Eminem suing National over music in ad – National defends licensing
National is defending its use of music in political advertising as US rap artist Eminem launches a law suit against the party for copyright infringements.
The ad allegedly used music from the hit song Lose Youself.
A claim filed in the High Court today alleges the National party used elements of the song.
National has defended its use of the music. In a statement the party says: "The National Party completely rejects the allegation that the library music used in its early campaign advertisements is a copyright infringement of any artist’s work."
The media statement adds that the party bought the music from recognised production music supplier Beatbox, based in Australia and Singapore.
"The music was originally published by Spider Cues Music, a Los Angeles-based provider of music to the film and entertainment industry."
"As with all works licensed by the Beatbox library music service, the National Party was assured the music in question did not infringe any copyright and was an original work."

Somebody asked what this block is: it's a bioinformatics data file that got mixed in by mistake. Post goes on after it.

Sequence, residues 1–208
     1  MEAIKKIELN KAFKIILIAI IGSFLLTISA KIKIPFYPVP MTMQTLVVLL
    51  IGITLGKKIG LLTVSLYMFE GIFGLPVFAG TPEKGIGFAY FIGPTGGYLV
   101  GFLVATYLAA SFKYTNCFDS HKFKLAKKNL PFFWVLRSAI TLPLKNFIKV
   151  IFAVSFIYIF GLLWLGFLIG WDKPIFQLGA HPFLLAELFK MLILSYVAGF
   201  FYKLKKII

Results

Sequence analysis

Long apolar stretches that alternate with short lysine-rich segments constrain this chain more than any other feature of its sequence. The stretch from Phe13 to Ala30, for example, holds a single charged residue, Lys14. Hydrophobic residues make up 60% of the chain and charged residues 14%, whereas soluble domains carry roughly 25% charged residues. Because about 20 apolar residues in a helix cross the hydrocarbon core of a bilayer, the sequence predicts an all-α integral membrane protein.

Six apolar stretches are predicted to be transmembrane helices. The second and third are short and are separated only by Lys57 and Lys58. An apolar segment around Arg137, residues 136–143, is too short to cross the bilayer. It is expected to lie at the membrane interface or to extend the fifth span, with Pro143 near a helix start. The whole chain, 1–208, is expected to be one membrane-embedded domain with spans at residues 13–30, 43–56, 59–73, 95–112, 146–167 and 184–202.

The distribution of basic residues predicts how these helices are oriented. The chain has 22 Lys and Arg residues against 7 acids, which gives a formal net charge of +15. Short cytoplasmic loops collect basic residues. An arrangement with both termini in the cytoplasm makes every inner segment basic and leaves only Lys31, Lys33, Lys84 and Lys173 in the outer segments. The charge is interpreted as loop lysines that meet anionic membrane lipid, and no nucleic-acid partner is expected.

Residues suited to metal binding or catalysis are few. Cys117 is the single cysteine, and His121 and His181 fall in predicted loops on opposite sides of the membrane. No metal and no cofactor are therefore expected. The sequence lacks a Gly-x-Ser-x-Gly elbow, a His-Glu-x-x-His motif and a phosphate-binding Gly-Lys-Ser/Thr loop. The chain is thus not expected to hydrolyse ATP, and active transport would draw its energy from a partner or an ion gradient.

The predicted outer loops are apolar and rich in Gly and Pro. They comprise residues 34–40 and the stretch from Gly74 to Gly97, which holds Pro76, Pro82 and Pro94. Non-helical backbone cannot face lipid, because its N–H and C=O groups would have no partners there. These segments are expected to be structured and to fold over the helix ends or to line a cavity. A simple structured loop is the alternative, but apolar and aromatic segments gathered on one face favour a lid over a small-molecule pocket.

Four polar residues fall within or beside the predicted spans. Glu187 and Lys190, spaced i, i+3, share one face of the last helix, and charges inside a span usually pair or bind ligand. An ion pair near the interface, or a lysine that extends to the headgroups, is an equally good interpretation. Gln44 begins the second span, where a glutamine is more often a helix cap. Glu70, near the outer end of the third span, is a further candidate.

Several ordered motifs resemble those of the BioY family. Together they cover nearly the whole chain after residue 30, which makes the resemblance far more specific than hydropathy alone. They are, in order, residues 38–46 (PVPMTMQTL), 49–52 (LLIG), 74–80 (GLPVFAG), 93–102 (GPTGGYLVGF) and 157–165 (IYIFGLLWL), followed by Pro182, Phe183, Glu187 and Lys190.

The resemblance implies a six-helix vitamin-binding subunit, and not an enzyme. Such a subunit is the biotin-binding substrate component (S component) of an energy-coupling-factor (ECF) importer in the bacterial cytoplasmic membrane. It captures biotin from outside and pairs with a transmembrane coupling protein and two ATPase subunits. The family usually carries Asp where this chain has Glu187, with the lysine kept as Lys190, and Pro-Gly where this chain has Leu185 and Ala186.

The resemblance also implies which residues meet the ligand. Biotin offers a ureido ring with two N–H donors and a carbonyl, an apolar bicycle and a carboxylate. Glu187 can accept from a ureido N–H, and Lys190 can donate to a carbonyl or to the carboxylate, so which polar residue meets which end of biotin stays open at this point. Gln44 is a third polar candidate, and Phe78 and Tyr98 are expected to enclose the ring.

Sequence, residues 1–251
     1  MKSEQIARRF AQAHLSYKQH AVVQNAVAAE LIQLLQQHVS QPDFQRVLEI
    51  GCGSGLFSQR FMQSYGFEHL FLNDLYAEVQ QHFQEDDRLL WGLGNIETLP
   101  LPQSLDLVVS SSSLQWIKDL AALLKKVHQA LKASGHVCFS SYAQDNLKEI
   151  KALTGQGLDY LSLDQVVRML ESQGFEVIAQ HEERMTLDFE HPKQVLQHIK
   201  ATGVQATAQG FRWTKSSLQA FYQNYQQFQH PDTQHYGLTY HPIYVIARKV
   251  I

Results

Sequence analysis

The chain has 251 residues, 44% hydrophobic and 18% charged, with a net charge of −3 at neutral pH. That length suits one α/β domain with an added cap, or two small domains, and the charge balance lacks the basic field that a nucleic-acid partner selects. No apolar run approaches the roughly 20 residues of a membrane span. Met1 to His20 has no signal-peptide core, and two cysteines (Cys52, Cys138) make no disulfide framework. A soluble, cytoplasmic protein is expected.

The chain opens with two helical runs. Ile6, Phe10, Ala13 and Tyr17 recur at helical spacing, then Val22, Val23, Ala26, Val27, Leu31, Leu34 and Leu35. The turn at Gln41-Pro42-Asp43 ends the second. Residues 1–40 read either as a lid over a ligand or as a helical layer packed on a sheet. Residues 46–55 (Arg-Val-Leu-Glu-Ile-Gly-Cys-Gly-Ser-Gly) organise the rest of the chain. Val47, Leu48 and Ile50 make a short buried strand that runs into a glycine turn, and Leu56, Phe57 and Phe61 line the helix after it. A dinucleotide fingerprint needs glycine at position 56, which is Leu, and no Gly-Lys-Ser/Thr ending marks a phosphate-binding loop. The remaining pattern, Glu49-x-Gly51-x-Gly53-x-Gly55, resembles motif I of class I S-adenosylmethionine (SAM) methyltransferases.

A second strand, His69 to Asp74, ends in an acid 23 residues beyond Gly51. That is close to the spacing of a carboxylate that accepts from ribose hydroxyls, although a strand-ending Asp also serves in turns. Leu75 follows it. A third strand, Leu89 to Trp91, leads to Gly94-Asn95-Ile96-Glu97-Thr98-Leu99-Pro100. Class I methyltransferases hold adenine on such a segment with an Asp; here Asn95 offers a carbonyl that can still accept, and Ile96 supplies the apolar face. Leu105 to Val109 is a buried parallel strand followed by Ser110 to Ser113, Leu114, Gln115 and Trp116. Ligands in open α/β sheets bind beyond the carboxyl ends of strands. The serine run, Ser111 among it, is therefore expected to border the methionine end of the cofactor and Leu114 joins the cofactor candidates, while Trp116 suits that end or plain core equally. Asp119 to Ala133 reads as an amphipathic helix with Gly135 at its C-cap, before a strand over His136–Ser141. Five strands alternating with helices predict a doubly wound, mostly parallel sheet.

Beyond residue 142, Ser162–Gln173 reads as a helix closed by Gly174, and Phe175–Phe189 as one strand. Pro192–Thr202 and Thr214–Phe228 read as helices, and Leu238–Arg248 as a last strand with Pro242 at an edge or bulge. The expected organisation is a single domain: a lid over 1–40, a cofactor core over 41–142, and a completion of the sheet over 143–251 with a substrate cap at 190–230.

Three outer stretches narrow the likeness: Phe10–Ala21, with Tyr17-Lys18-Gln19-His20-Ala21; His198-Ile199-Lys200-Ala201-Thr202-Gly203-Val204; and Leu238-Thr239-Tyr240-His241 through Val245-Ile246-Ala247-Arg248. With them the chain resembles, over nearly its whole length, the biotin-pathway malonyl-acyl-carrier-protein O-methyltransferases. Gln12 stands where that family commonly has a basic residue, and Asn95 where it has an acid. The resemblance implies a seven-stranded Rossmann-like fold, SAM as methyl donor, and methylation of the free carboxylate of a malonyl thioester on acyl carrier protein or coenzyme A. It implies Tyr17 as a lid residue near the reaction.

"Furthermore, the music license and fee were arranged through the Australasian Performing Rights Association and Australasian Mechanical Copyright Owners Society (APRA/AMCOS), who act as agents for Beatbox in Australia and New Zealand. These organisations exist to protect the rights of artists."
Approached by NBR about the subject last week, National party campaign manager Jo de Joux said National was “comfortable there was no issue” with the use of the song.
She said the party “nevertheless ... moved on to the new advertising phase anyway, with a slightly softer music track.”
Joel Martin, speaking on behalf of the music publishers, said: “The claim we have filed alleges copyright infringement. Eminem’s publishers were not approached for permission to use any of Eminem’s songs for this campaign advertisement.
"It is both disappointing and sadly ironic that the political party responsible for championing the rights of music publishers in New Zealand by the introduction of the three strikes copyright reforms should itself have so little regard for copyright.
"We do not hesitate to take immediate action to protect the integrity of Eminem’s works, particularly where a party, as here, has sought to associate itself with Eminem and his work.”